It is supicious that in the second enlarged version of "The Golden-grove"(1608)" by William Vaughan 14 new treatises (chapters 16-29) were added in the 3rd part of Book-I, concerned with self-death and fictive answers to the objection of several ancient personalities
In Chap.24 (s.Faksimile) the author deals with the philosphy and logic of the suicide of Lucrecia.-
"Lucrece" (1594) is the second work (following "Venus & Adonis"-1593) published under the name of Shake-speare. "Venus and Adonis" can be assumed to have been written some time before Marlowe's pretended death as a private work but published urgently on the grounds of serious events only weeks after Marlowe's death, to introduce him as a new playwright.- "Lucrece" can be seen as the actual op.1 after Marlowe's life catastrophy. - It represents the poetic metaphor of his serious offence against Queen Elizabeth ("Tarquin"[Marlowe] had "tarred the queen" )
Vaughans "interpretation" expressed by the wisdome of Augustine is that the integrity of the Queen could not be regained unless Marlowe was banished ..."the chastitiy of Lucrece cannot be praysed, unlesse her murther be condemned" If she were an adulteresse, why she is praysed? If she were chaste, why did she kill herselfe?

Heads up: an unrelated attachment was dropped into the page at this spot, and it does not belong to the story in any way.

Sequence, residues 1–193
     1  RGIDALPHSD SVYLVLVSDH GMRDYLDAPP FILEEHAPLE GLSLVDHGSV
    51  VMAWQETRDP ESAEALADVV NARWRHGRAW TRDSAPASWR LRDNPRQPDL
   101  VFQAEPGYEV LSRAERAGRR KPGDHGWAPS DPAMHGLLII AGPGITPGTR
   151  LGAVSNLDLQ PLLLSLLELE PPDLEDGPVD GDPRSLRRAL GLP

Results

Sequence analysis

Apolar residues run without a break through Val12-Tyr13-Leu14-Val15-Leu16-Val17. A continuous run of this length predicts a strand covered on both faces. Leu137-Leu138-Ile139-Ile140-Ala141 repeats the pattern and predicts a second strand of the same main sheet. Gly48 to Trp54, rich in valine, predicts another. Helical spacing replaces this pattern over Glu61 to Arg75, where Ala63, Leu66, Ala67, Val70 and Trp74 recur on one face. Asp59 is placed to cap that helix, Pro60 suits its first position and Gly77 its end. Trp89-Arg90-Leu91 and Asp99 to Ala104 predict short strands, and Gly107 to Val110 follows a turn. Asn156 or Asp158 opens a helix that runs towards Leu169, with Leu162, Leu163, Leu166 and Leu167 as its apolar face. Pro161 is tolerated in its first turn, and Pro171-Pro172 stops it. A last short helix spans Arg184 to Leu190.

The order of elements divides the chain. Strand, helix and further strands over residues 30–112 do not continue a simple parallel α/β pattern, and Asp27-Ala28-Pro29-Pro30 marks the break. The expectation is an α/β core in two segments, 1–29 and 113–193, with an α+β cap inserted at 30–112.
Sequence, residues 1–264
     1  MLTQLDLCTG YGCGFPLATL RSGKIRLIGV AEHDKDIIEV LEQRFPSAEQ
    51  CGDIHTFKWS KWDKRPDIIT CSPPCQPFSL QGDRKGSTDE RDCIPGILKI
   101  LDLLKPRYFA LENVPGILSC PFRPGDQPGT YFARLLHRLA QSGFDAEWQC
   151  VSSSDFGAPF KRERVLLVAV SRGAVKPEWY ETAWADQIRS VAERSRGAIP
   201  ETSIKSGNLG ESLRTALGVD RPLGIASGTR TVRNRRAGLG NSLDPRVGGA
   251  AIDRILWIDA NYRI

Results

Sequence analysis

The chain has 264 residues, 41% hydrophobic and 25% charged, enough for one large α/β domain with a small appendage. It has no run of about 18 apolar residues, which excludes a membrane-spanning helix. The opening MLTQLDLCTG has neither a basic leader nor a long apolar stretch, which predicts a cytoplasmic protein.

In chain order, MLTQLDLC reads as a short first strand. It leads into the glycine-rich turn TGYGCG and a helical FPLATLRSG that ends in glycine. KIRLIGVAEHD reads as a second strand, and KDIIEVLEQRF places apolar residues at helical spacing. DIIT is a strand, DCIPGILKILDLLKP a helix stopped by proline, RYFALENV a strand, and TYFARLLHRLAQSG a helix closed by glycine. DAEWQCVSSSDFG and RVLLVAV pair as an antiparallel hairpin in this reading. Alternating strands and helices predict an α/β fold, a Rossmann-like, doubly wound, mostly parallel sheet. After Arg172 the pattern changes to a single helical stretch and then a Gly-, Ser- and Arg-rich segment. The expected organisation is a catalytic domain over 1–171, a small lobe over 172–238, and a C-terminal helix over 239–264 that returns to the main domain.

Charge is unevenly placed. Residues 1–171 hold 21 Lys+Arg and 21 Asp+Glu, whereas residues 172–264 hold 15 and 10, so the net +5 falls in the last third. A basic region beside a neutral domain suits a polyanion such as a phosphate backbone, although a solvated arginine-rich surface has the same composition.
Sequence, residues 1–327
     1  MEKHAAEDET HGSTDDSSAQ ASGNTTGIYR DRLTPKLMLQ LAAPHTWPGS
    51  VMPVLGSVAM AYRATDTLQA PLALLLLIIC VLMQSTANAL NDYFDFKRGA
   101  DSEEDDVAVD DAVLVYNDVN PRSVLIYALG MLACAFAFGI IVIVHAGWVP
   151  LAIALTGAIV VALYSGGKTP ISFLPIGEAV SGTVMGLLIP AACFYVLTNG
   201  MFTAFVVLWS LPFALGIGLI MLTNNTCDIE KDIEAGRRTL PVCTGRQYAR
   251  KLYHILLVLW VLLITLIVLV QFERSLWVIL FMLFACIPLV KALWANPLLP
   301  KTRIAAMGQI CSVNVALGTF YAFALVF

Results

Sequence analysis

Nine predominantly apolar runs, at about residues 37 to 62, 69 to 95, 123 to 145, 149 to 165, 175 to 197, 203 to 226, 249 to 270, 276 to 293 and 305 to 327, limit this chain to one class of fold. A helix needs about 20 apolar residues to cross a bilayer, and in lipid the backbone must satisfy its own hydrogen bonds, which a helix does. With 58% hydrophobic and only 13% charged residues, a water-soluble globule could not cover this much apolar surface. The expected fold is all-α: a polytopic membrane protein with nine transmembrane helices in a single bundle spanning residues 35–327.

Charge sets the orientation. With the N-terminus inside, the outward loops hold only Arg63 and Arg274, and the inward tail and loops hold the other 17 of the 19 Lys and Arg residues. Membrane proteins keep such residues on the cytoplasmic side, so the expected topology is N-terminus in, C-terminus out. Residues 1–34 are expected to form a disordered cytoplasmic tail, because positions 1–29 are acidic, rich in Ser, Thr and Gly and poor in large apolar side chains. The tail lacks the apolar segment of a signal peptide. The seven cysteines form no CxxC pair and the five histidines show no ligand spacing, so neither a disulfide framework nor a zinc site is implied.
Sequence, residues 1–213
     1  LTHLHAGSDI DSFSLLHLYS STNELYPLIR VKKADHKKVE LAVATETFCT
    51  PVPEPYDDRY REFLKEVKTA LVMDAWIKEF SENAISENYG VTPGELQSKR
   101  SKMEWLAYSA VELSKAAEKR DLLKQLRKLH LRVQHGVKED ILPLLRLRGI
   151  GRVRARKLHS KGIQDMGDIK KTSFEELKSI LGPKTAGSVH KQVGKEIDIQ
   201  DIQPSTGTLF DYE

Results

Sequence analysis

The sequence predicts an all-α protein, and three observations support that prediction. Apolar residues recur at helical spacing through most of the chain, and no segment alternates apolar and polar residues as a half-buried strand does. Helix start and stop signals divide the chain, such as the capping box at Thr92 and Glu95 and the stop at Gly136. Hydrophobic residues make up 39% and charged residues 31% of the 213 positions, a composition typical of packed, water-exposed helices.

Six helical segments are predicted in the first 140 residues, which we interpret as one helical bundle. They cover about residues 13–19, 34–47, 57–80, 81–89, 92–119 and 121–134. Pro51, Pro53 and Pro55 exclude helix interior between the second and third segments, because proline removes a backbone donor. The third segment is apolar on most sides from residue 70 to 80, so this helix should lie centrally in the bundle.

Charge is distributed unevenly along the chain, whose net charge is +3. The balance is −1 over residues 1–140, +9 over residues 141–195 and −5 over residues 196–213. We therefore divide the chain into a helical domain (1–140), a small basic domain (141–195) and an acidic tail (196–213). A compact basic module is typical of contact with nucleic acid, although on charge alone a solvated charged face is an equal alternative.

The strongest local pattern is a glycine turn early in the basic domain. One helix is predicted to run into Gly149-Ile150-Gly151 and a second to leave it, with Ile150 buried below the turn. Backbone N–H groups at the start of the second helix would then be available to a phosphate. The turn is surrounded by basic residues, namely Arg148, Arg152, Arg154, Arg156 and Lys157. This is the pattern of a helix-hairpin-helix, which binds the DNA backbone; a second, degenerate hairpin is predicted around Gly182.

The argumentation of Vaughan reminds one to "The Ghost of Lucrece(1600) an early appendix to the third edition of Shakespeare's Lucrece by T.M.
It is difficult to conceive, that the powerfull self-confident Shakespeare in his 35th year of life should have allowed it, that his epic poem "Lucrece" was amended by 47 poems and commented in the same book, in the same style, by an unidentifiable "Ghostwriter" T.M., thought to be Thomas Middleton, 19 years of age?
Are there more plausible explanations for these conspicuous features?
( As implausible and absurd as it may sound without background knowledge!)